Ask the Naturopath: Touch Your Toes in 30 Days

Can you bend over and reach your toes? It was easy when you were a kid; heck, maybe you could even put them in your mouth! While putting your toes in your mouth may not be your goal, it sure would be nice to be more flexible and have less joint stiffness and pain. Let this be your guide to joint health using well-known natural health practices and remedies.

To understand joint health, you first need information on minerals. When teaching students of natural health, we start by assigning fun names to minerals, making them easier to remember.  For example, iron is the “frisky horse” element because, without this element, you would be very low in energy and not be frisky like a happy spring horse. The elements or minerals that greatly affect the joints may surprise you. Sodium is considered the “youth” element, Chlorine is the “flexibility” element, and Sulfur is the “arthritis” element.

Although many people focus on Calcium and Magnesium for bone health if stiffness, pain, and inflammation are the concern, the aforementioned minerals are far better. Let’s figure out how all this works and how you can get long-term, real relief without side effects!

Sodium has a bad name in our culture because of all the sodium chloride (table salt) used in processed foods and the high number of heart and circulatory problems caused by its buildup. However, from the right sources, sodium can be your best friend. Sodium obtained from celery, dandelion greens, beets, and grapefruit is helpful in pulling out the build-up of unusable sodium chloride. Sodium from food and herbal sources actually keeps the calcium in your body strong and pliable. My mother had “hammer toes” and had to buy shoes that allowed room for this curvature of her toes. Of course, she could have had surgery to correct this, but instead, she drank 2 ounces of celery juice, fresh each morning from her juicer, and 3 months later, found all of her toes to be straight and without pain.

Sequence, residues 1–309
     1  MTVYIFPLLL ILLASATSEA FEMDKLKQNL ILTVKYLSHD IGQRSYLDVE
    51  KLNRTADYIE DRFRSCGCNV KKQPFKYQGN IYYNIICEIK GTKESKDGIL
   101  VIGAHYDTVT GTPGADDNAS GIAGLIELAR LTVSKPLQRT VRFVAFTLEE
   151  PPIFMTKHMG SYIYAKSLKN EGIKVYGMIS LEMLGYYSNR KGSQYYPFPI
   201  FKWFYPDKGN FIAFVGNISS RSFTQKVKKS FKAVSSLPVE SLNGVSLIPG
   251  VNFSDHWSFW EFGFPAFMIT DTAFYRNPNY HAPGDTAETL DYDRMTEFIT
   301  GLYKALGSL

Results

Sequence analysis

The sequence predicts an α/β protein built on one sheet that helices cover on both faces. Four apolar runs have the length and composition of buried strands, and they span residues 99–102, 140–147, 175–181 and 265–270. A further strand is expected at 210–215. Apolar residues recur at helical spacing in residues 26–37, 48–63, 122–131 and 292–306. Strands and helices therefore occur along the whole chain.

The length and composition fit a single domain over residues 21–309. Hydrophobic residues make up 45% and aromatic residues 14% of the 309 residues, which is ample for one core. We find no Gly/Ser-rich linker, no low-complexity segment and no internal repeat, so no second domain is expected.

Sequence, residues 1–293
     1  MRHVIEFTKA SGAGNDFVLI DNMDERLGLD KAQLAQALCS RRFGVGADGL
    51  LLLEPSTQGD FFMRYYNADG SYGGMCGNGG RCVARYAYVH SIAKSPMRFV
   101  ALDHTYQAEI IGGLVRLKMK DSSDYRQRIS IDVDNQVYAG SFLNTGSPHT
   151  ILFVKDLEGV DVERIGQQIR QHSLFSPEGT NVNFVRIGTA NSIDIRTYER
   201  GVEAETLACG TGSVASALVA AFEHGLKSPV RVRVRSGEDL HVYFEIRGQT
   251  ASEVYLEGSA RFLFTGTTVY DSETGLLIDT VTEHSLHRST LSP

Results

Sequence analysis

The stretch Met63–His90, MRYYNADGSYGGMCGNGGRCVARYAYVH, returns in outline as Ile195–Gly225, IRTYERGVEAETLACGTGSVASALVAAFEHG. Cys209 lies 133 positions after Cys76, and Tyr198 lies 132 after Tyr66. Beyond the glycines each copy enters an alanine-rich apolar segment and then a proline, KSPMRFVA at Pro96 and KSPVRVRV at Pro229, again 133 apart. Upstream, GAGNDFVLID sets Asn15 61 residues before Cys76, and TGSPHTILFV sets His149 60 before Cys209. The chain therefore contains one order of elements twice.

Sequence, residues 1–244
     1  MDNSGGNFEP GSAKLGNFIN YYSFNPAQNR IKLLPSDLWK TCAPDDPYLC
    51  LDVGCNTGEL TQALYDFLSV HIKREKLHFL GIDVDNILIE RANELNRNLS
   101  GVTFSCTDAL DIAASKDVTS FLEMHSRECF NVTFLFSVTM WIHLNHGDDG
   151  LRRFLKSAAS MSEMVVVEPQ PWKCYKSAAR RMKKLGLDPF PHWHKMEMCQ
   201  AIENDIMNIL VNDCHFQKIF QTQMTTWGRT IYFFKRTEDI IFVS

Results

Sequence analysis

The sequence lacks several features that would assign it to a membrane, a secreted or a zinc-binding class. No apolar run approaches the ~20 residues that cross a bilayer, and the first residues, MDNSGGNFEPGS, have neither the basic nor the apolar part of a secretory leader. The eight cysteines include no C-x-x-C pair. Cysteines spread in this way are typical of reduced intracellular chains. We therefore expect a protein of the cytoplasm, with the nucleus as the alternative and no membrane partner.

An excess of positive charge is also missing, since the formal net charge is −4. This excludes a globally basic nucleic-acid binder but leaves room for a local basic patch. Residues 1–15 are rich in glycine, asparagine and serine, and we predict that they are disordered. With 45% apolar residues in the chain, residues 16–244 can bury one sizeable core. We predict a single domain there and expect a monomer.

These great results with celery juice work well for most joint problems. Some people have pains that travel from joint to joint and are worse in certain weather conditions. This is what we call a “cold damp” condition and indicates a lack of natural sulfur in the diet. Sulfur is obtained from warm spicy foods like onions, garlic, and my favorite, ginger, which can be taken in capsules, tea, or used from the peeled root in many stir-fry recipes.

The final mineral to reach those toes is chlorine, which is very different from chloride. This mineral is known for creating flexibility. Have you ever seen the Chinese acrobats? They have a diet very high in chlorine-rich foods, allowing them to do amazing acts of flexibility. They consume a greater amount of sea vegetation, such as kelp and dulse than we do. The chloride found in swimming pools and drinking water actually depletes the natural chlorine supply in our bodies.

It is also important to cut back on acid-producing foods that leach these minerals, such as coffee, pop, and fried foods. So, if you see people around town tickling their toes and grazing on dandelions, all is well!

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